If you want to know a little more about early Z car tachometers, check out my YouTube video.
Stage 3 – the ‘all in’ ignition upgrade option
This is the ducks nuts end of the 240Z, 260Z and 280Z ignition upgrade spectrum. We’re talking an ECU controlled fully programmed ignition. A number of configurations exist attracting various price tags. You can maintain a distributor based ignition or migrate to a coil over plug application. Each have different requirements and I recommend conducting your own reserach or speak to a professional but in general you need the following:
- engine speed inputs (ie, RPM, crank position reference)
- engine load input (eg. MAP, TPS)
- an ECU
- ignition module (eg. coil or coils, CDI unit)
Distributor vs COP
At the time of writing I personally run a distributor based ignition for my twin hitachi L28 stroker motor using an L20ET optical trigger distributor, Megasuirt MS1 ECU running MAP input and an MSD 6AL CDI unit. This is my personal preference as I can maintain a factory aesthetic, I already had the MSD 6AL unit and the overall setup is simple.
If you plant to run a CDI it is likely to be negligible performance difference to coil over plug. Coil over plug has an advance over a single plain coil however because the time between ignition events much less for a single coil servicing an whole engine in comparison to coils servicing individual cylinders. Other things to consider if deciding between distributor and COP:
- COP requires a crankshaft position reference for the ECU to understand the orientation of cylinder 1; distributor only needs RPM and the distributor itself sends the ignition to the correct cylinder
- limitations on ECU to control multiple coils
- a COP installation is 100% custom
- additional cost for coils and wiring
Distributor based ignition
If maintaining a distributor based ignition you only require an engine RPM trigger. This can be done by:
- locking the mechanical and vacuum advance in the distributor and using a 280ZX or electronic points module from stage 1
- Factory Nissan L28ET or L20ET optical trigger (I had to change the oil drive drive to fit the L20ET to my motor)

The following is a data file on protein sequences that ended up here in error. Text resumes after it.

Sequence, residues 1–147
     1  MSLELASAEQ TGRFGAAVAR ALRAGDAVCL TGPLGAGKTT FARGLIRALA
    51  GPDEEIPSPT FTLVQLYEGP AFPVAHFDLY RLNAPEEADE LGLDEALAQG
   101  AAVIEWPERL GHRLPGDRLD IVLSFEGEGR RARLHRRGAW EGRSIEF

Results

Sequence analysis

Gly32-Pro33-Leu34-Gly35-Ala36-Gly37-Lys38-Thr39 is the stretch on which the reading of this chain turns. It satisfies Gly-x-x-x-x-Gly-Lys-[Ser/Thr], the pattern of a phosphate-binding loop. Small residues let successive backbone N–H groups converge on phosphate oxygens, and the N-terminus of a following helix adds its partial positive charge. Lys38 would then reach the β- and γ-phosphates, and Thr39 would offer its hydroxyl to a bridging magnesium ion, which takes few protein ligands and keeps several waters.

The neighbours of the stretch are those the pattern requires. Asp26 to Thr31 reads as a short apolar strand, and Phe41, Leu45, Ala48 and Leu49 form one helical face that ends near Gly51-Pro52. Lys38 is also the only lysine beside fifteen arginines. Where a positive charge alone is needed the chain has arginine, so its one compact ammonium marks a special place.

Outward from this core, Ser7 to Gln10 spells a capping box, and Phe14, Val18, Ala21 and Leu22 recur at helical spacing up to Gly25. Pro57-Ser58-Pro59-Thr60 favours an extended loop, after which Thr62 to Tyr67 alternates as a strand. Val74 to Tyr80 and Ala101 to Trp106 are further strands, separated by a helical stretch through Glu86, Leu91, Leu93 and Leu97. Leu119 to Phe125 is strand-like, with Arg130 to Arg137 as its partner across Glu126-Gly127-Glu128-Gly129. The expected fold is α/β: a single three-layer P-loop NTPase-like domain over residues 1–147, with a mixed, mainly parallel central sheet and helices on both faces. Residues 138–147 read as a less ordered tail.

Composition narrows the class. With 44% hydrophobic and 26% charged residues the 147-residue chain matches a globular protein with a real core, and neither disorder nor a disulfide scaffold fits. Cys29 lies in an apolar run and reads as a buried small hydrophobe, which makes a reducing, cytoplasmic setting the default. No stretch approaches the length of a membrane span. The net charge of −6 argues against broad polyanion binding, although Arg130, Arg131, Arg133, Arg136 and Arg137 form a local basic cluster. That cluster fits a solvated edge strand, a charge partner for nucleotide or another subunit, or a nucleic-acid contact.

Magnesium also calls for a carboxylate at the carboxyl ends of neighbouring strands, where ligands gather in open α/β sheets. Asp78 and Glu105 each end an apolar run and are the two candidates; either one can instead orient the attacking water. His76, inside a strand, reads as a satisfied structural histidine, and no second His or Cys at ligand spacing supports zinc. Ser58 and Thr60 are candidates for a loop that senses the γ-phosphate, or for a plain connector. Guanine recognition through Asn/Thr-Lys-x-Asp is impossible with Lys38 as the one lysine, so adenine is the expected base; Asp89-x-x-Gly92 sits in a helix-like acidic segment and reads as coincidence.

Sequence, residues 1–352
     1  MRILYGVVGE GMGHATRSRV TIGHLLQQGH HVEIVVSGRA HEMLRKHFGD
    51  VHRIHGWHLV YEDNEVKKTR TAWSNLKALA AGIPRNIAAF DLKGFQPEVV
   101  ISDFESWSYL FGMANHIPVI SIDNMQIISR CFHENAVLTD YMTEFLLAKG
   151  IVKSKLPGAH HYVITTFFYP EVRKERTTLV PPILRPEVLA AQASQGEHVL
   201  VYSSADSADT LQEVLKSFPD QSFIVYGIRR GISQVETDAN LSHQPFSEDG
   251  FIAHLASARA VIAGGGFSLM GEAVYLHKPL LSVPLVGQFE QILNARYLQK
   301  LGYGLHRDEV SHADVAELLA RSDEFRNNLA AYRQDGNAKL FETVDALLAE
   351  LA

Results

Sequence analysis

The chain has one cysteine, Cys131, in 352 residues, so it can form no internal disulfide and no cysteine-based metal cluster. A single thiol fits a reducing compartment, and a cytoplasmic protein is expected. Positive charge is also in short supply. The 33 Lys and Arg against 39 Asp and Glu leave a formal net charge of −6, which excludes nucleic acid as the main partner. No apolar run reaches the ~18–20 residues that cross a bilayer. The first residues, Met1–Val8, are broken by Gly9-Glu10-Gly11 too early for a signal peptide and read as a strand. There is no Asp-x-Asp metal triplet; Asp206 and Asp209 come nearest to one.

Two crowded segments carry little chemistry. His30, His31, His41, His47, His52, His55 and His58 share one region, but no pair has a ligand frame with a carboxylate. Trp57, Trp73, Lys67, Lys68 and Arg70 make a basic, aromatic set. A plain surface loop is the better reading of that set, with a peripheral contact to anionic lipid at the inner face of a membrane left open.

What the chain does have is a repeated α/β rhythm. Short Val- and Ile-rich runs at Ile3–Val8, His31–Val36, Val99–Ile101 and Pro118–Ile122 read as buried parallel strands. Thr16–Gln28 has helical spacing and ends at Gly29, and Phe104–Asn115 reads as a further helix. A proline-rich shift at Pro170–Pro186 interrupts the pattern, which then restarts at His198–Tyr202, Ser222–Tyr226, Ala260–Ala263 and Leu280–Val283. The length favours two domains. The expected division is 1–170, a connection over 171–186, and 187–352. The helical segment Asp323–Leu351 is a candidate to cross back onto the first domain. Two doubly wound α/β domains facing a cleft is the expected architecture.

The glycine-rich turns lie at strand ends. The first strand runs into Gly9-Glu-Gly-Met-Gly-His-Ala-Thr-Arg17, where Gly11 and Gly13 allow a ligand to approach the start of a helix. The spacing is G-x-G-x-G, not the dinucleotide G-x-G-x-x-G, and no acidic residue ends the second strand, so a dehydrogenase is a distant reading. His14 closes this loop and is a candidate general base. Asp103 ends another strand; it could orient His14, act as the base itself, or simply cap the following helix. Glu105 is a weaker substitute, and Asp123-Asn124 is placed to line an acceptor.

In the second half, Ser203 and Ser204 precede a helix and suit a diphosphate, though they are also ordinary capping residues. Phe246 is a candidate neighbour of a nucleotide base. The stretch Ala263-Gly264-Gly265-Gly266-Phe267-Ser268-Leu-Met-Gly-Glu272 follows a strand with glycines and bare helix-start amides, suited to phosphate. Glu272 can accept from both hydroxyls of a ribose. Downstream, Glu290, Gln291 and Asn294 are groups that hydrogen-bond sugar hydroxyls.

- Fit an alternative trigger distributor
- A replacement distributor with the necessary trigger
- EFI Hardware are the only manufacturer I know of: https://www.efihardware.com/products/1752/distributor-full-sequential-for-Nissan-L-series-6-cyl
COP (RPM + engine reference) based ignition
Most COP setups are custom made using triggers on the crank. Typically a missing tooth sensor is commonly used as one sensor can be used to determine engine RPM and TDC of cylinder 1. Setups can be variable and I recommend you complete your own research.
One Six Industries make a distributor replacement which features the necessary triggers. However the format of the signal may not be appropriate for your ECU.
Now there are a swag of options here and I’ve only covered a couple. There are DIY kits using open source coding (Speeduino) all the way through to purpose manufactured ECUs specifically designed to control ignition only in difficult environments (Haltech VMSD). Again conduct your own research to match your own goals and requirements and if you are organising a professional to install and tune, talk to them first. My build uses a Megasquirt MS1 on a V3 board which I assembled and tune myself.
Well I hope you got value from this guide. As a minimum get rid of those nasty outdated points as a minimum ignition upgrade for your 240Z, 260Z or 280Z! That recalcitrant technology has no place in the modern world so be sure to consider stage 1.
I’ve covered the various 240Z ignition upgrade iterations that I have used personally, except COP. Be sure to check out my other socials for Built On Purpose and feel free to reach out and I will help where I can!
My L28 stroker build: https://builtonpurpose.co/diy-guides/l28-stroker/